1911 Encyclopædia Britannica/Cadmus
|←Cadmium||1911 Encyclopædia Britannica, Volume 4
|Cadmus of Miletus→|
|See also Cadmus on Wikipedia; and our 1911 Encyclopædia Britannica disclaimer.|
CADMUS, in Greek legend, son of Agenor, king of Phoenicia and brother of Europa. After his sister had been carried off by Zeus, he was sent out to find her. Unsuccessful in his search, he came in the course of his wanderings to Delphi, where he consulted the oracle. He was ordered to give up his quest and follow a cow which would meet him, and to build a town on the spot where she should lie down exhausted. The cow met him in Phocis, and guided him to Boeotia, where he founded the city of Thebes. Intending to sacrifice the cow, he sent some of his companions to a neighbouring spring for water. They were slain by a dragon, which was in turn destroyed by Cadmus; and by the instructions of Athena he sowed its teeth in the ground, from which there sprang a race of fierce armed men, called Sparti (sown). By throwing a stone among them Cadmus caused them to fall upon each other till only five survived, who assisted him to build the Cadmeia or citadel of Thebes and became the founders of the noblest families of that city (Ovid, Metam. iii. 1 ff.; Apollodorus iii. 4, 5). Cadmus, however, because of this bloodshed, had to do penance for eight years. At the expiration of this period the gods gave him to wife Harmonia (q.v.), daughter of Ares and Aphrodite, by whom he had a son Polydorus, and four daughters, Ino, Autonoë, Agave and Semele—a family which was overtaken by grievous misfortunes. At the marriage all the gods were present; Harmonia received as bridal gifts a peplos worked by Athena and a necklace made by Hephaestus. Cadmus is said to have finally retired with Harmonia to Illyria, where he became king. After death, he and his wife were changed into snakes, which watched the tomb while their souls were translated to the Elysian fields.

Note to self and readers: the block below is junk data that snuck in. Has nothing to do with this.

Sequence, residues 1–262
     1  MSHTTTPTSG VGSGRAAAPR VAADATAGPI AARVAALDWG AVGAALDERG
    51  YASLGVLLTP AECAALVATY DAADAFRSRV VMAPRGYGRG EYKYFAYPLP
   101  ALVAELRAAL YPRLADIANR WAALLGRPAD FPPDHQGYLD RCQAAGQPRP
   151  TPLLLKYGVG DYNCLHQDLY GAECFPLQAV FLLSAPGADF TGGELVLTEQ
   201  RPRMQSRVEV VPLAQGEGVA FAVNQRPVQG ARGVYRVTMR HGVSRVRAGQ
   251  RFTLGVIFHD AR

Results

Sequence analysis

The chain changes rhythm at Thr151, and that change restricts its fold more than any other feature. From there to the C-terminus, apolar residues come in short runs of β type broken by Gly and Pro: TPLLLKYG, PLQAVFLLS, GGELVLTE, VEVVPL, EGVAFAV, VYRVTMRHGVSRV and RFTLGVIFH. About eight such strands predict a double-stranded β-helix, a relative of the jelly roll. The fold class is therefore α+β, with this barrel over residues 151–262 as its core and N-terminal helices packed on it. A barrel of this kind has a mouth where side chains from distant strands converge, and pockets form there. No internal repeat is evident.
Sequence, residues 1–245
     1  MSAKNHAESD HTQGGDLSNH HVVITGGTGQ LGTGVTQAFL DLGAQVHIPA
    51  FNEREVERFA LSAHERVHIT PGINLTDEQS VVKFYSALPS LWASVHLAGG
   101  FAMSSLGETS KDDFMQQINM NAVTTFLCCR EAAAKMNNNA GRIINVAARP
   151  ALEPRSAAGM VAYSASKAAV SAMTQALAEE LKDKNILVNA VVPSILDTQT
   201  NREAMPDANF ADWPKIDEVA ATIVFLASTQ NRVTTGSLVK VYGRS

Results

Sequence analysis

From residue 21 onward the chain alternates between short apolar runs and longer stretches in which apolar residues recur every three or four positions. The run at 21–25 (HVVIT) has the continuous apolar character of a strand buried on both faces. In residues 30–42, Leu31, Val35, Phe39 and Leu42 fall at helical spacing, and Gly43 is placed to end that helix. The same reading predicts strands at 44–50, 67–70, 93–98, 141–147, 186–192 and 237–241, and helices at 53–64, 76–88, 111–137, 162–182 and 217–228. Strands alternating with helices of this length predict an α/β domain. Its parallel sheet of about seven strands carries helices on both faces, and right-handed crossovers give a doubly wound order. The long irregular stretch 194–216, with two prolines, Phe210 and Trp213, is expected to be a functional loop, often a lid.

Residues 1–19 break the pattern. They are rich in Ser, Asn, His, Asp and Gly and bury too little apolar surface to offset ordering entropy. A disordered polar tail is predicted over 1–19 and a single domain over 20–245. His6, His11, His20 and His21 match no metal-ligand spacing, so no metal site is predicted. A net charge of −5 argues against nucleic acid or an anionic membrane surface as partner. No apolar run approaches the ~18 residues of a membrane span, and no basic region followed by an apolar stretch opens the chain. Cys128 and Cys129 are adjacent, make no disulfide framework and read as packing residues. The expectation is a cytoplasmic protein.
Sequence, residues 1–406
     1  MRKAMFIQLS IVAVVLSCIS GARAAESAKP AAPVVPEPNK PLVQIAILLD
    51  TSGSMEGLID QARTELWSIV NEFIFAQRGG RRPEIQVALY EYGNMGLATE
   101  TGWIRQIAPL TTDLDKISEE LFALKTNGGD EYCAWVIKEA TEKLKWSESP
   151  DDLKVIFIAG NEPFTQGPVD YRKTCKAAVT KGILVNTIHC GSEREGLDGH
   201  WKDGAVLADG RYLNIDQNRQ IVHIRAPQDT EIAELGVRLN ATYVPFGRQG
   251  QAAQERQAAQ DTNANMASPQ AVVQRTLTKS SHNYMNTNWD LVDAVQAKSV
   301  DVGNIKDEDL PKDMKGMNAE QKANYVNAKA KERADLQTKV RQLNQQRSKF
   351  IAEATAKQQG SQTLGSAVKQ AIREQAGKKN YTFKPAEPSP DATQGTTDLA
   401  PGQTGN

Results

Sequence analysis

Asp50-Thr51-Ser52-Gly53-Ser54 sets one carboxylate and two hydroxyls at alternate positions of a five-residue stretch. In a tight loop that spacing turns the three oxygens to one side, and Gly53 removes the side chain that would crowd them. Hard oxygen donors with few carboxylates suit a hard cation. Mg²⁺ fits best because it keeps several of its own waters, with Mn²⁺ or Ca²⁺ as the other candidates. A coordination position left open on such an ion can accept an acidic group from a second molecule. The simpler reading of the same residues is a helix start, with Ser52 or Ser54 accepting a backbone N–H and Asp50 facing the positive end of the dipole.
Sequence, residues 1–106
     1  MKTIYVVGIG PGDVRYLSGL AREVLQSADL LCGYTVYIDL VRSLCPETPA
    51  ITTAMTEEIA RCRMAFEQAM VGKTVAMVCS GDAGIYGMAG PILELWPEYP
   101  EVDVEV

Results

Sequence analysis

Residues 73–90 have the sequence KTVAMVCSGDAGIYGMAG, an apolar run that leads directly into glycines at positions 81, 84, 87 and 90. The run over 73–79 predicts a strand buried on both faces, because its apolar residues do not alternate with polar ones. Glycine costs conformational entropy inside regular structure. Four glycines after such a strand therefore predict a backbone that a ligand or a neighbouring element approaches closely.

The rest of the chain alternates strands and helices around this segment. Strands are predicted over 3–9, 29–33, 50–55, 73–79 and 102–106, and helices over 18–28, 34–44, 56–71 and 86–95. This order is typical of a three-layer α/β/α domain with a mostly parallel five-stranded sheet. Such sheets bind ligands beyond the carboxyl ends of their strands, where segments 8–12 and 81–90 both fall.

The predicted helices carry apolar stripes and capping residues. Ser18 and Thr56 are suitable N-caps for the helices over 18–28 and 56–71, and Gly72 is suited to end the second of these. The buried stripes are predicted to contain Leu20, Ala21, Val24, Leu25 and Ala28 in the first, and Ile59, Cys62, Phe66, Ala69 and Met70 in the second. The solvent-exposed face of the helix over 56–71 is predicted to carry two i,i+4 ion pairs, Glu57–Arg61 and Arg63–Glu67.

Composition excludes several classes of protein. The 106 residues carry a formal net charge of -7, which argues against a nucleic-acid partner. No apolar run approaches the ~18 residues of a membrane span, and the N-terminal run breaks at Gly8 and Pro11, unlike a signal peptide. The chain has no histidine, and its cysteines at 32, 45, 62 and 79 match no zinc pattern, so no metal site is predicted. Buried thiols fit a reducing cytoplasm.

There is little doubt that Cadmus was originally a Boeotian, that is, a Greek hero. In later times the story of a Phoenician immigrant of that name became current, to whom was ascribed the introduction of the alphabet, the invention of agriculture and working in bronze and of civilization generally. But the name itself is Greek rather than Phoenician; and the fact that Hermes was worshipped in Samothrace under the name of Cadmus or Cadmilus seems to show that the Theban Cadmus was originally an ancestral Theban hero corresponding to the Samothracian. The name may mean "order," and be used to characterize one who introduces order and civilization.
The exhaustive article by O. Crusius in W.H. Roscher's Lexikon der Mythologie contains a list of modern authorities on the subject of Cadmus; see also O. Gruppe, De Cadmi Fabula (1891).